EMMA KELLY / PERTH
Australia's Civil Aviation Safety Authority (CASA), Airservices Australia and the National Airspace System Implementation Group (NAS IG) are reviewing the controversial NAS in light of the Australian Transport Safety Bureau (ATSB) identifying an event in the redesigned airspace late last year as a "serious incident" or airprox. The ATSB recommends that NAS procedures and communications requirements for operations in Class E airspace are reviewed.
The latest elements of NAS - including Class E airspace replacing large parts of Class C and G airspace, removal of frequencies from charts and mandatory transponder carriage and use - were introduced in late November. The changes have been criticised by air traffic controllers and pilots and blamed for a number of incidents.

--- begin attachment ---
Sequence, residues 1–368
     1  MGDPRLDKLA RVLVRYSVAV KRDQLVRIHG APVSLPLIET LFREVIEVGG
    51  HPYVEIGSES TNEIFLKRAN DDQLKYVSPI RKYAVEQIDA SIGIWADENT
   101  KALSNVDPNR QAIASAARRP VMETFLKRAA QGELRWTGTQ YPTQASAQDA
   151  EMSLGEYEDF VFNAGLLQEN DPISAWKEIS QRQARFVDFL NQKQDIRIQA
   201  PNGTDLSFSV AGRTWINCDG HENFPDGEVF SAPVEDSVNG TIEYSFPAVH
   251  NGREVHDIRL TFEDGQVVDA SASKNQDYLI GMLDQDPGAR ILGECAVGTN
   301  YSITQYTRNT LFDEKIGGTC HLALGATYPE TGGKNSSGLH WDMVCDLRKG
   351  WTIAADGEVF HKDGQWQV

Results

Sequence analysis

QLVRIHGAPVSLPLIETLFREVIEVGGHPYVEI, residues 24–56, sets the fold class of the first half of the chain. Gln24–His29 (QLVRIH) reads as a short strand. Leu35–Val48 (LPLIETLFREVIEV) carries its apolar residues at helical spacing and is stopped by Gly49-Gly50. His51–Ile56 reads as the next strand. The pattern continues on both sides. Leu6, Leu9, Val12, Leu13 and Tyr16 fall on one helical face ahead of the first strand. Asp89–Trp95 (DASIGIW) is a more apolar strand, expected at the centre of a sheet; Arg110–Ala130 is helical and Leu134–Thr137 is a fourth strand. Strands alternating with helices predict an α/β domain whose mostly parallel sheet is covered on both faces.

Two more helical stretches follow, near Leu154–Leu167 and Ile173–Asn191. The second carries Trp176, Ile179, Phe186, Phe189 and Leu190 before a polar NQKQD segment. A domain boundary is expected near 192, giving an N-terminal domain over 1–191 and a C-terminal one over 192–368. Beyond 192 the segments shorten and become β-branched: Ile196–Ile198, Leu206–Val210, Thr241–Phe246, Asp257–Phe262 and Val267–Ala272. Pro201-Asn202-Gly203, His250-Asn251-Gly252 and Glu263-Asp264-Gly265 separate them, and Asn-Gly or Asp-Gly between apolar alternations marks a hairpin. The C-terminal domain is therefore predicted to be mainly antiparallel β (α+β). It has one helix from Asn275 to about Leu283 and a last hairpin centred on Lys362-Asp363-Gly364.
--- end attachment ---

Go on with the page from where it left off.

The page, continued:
The incident that prompted the review involved a Virgin Blue Boeing 737-700 and an EADS Socata Tobago, 19km (10nm) off Launceston, Tasmania, flying in Class E airspace on 24 December. The 737 was on an instrument flight rules descent through 8,300ft (2,530m) when its traffic collision avoidance system (TCAS) was triggered by the Tobago travelling under visual flight rules at 7,500ft in the opposite direction. The 737 climbed to 9,200ft.
TCAS indicated the Tobago passed the 737 within 200ft vertically and less than 1nm horizontally. The ATSB says that the aircraft came into such close proximity that the action of the 737 crew "may have averted a mid-air collision".
The ATSB says that procedures and communications requirements for operations in Class E airspace must be reviewed to enhance situational awareness.
Source: Flight International